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As insulin becomes a poster child for the growing outcry over the cost of medicines, a new analysis suggests that Medicare could have saved $4.4 billion in 2017 for the diabetes treatment if the program negotiated the same prices as the Department of Veterans Affairs, which already bargains for discounts.

For more than two dozen different insulin products covered by Medicare Part D that year, spending was $7.8 billion, based on estimated rebates of 41% received from drug makers. However, if the federal health care program had negotiated as the VA does — and used the same formulary, or list, of covered medicines — spending would have dropped to nearly $3.4 billion.

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  • The numerical precision of this paper creates an false illusion of accuracy.

    The researchers used an average 41% rebate from ALL drugs to come up with the sizzling $4.4 billion headline figure. Most reporters dutifully reported this figures, which doesn’t reflect anything at all except an obviously false assumption.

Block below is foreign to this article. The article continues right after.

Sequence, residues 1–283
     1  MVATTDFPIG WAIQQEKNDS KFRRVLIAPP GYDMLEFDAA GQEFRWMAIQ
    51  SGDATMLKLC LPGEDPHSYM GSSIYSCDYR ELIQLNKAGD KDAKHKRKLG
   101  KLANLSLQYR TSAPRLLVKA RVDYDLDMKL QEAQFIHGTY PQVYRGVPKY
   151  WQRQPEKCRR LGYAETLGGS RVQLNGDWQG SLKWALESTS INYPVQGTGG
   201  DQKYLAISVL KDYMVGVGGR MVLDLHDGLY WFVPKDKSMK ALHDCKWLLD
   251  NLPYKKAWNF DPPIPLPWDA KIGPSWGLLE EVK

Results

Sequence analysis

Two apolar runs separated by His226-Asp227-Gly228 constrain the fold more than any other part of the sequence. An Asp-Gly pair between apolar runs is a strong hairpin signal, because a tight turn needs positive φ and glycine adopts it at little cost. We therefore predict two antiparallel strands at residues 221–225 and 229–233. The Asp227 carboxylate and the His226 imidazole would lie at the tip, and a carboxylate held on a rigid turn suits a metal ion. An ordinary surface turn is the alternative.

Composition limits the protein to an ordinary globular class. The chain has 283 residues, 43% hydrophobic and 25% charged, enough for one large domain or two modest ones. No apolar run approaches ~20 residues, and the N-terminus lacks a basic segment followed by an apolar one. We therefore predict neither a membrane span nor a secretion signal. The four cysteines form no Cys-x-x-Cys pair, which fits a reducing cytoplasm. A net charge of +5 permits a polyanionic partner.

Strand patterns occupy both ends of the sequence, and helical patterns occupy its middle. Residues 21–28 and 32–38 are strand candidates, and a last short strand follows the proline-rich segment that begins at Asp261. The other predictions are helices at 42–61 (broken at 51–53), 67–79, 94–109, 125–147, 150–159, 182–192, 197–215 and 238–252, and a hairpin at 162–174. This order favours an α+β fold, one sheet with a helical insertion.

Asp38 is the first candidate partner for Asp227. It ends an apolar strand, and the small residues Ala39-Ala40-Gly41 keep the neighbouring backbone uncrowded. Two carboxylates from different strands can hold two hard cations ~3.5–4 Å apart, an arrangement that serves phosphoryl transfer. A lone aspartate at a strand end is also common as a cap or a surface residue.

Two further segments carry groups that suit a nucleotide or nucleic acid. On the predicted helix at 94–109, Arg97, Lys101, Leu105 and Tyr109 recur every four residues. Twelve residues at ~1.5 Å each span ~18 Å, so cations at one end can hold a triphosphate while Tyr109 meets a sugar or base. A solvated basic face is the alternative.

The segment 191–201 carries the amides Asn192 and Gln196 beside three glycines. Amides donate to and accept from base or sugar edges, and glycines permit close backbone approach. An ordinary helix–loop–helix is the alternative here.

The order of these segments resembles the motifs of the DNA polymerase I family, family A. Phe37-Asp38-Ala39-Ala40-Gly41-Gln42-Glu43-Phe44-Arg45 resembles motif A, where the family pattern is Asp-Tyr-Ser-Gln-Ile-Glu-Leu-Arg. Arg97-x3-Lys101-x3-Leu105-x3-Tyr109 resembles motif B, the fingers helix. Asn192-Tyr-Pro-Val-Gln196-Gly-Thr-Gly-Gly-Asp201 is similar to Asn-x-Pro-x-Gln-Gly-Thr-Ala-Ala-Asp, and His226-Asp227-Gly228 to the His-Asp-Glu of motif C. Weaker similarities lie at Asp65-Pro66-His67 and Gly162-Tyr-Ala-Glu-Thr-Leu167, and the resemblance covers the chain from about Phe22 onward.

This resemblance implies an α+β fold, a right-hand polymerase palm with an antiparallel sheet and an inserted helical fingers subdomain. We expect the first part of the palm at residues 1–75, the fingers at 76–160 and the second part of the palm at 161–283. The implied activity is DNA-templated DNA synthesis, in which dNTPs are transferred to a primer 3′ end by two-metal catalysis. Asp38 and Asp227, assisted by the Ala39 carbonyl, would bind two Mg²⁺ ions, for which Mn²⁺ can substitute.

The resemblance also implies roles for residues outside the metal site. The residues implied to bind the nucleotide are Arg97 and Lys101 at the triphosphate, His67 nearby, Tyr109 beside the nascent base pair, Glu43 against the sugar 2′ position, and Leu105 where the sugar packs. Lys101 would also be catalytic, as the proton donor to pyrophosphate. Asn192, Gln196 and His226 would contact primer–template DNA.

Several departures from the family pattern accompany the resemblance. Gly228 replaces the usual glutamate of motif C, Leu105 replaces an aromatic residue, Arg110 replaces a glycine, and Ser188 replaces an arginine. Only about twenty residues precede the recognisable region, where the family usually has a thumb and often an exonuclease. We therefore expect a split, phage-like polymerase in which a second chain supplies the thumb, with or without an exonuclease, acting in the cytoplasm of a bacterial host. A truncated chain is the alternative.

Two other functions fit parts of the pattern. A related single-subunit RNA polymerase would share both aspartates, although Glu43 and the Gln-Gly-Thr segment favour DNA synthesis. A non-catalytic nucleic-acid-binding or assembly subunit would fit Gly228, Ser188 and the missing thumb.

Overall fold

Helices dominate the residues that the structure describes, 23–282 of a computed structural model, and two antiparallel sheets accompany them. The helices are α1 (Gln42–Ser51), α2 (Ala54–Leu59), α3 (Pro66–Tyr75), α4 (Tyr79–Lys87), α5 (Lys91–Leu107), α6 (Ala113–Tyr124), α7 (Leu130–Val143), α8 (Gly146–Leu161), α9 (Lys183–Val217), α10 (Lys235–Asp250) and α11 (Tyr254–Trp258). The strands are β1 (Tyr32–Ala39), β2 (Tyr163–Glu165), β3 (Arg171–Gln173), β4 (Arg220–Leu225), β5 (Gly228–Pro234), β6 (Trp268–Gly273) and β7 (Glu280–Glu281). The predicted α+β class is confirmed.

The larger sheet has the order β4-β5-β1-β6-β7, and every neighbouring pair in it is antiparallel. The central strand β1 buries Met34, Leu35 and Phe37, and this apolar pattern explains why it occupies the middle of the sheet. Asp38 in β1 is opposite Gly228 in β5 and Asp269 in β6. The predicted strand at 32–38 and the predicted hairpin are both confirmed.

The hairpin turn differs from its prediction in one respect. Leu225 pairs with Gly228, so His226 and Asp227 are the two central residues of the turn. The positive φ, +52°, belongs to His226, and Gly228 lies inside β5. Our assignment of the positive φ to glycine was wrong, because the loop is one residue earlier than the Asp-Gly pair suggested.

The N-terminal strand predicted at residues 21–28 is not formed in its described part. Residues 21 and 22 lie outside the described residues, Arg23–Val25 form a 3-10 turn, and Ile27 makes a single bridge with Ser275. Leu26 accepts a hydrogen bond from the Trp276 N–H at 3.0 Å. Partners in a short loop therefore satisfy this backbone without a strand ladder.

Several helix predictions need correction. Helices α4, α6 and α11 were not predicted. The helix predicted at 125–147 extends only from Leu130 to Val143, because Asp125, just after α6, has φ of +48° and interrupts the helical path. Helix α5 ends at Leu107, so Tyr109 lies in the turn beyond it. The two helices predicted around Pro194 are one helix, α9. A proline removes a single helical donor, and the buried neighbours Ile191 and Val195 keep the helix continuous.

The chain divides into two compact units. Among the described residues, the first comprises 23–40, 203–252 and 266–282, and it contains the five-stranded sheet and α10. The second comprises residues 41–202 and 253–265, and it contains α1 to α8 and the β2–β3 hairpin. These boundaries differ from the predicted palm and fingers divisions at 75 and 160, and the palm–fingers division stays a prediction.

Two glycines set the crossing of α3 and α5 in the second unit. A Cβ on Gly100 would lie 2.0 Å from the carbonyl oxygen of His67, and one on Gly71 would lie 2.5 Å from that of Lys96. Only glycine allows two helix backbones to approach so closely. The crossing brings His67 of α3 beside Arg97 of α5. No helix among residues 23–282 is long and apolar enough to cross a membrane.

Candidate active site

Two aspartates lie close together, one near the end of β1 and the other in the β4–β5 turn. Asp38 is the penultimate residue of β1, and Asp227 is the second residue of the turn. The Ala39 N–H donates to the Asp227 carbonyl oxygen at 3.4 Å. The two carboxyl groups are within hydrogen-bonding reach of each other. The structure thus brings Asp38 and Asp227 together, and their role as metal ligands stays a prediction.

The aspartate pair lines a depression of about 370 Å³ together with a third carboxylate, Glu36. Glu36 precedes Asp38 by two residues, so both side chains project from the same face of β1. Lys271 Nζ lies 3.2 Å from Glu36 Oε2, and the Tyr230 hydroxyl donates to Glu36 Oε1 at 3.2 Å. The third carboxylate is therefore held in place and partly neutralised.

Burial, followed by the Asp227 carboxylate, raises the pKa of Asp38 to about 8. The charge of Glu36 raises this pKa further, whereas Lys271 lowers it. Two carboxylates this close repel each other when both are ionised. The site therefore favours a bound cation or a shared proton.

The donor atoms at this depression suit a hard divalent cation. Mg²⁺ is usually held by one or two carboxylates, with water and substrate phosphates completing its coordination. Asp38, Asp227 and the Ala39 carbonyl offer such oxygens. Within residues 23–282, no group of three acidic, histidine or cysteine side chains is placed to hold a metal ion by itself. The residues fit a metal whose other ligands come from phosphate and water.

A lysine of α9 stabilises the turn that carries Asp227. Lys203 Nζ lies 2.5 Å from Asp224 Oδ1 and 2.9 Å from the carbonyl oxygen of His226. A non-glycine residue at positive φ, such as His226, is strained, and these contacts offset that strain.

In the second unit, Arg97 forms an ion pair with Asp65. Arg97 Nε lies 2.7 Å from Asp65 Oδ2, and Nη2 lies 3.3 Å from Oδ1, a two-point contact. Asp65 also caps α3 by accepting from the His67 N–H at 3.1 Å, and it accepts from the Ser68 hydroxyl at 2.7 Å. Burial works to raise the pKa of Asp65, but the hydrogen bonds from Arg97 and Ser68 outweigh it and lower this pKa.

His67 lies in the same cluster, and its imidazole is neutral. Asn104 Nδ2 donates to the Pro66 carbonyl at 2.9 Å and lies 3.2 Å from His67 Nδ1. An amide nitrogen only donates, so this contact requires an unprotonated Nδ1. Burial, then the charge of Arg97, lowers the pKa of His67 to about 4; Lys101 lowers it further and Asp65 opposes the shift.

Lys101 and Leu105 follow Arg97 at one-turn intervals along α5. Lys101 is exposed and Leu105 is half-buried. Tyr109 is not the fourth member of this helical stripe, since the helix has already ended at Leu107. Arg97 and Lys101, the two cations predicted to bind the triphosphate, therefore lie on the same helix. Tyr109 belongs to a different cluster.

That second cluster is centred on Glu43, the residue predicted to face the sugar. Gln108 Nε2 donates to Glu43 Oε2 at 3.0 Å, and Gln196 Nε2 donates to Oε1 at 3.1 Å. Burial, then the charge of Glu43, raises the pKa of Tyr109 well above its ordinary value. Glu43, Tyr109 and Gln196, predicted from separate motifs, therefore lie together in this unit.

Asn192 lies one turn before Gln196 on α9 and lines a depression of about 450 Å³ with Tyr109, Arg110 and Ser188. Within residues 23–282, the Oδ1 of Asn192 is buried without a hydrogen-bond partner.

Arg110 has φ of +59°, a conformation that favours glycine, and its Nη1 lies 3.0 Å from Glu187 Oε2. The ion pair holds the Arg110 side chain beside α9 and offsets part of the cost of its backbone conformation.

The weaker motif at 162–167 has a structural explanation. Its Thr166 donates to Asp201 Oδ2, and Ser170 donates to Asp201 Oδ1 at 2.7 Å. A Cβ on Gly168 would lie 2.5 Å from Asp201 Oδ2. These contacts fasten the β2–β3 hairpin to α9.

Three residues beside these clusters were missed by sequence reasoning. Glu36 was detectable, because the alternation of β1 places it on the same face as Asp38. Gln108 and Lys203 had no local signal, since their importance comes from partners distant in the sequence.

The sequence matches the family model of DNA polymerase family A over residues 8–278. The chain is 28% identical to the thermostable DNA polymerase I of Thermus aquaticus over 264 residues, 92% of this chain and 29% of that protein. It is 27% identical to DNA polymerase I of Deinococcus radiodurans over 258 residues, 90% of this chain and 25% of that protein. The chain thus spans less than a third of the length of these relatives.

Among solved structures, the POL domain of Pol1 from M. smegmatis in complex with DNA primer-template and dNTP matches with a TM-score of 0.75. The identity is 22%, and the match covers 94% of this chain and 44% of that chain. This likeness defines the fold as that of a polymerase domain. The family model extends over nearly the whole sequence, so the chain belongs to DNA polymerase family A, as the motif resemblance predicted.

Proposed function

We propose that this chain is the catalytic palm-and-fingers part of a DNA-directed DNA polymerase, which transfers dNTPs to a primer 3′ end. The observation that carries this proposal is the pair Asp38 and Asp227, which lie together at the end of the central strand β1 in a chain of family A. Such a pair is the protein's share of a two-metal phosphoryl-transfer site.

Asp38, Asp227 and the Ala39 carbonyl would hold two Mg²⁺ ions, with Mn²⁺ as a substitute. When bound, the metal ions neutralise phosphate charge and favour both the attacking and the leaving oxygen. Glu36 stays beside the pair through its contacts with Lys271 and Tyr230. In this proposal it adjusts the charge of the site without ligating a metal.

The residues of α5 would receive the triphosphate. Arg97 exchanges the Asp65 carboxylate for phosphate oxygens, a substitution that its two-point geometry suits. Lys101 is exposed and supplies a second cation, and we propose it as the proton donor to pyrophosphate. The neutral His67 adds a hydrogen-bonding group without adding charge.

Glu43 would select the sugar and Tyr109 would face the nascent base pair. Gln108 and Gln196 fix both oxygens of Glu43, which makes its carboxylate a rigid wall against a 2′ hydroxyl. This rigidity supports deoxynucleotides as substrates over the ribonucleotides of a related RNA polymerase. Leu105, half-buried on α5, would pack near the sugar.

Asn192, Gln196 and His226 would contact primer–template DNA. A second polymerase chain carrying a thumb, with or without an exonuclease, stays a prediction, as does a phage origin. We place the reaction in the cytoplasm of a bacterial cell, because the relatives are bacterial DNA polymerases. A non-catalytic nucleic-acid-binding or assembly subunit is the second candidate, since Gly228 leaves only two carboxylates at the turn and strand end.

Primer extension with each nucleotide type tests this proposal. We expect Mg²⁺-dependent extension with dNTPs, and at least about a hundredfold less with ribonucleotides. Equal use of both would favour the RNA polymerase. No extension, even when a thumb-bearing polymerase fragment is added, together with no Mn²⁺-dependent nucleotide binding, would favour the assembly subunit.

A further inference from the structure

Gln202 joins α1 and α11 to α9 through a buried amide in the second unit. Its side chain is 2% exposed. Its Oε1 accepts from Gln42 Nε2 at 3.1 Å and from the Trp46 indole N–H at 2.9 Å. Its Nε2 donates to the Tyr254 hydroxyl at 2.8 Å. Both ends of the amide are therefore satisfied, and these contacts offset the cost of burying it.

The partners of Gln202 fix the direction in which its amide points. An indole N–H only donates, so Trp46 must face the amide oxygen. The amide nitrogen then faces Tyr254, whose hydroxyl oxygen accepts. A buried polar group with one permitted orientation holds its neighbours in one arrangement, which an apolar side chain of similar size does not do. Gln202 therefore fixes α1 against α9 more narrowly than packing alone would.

The authors then conducted a “sensitivity” analysis that used a 61% rebate estimate for insulin. The savings now drop to $1.1 billion. Everyone ignored this lower figure, including the paper’s sponsor (John Arnold). To Ed’s credit, he reported the lower figure. Kudos, Ed!

    In reality, neither figure reflects any actual data, because Part D rebates for insulin are unknown. The false precision of the $4.4 billion figure gets reported as “truth,” when there was no actual research behind this figure.

    This paper is no more than a hypothetical illustration. The authors also conveniently neglect to mention that nearly all Part D plans have already shifted to closed formularies with a single product for insulin. So, actual Part D plan rebates are likely to be pretty close to the 74% reported for the VA formulary, i.e., very limited savings.

    Just because someone’s suppositions are published in a peer-reviewed journal doesn’t make them accurate.

  • But doesn’t the VA get an automatic discount off the top? That’s not really a negotiation strategy, it’s more like the Medicaid approach

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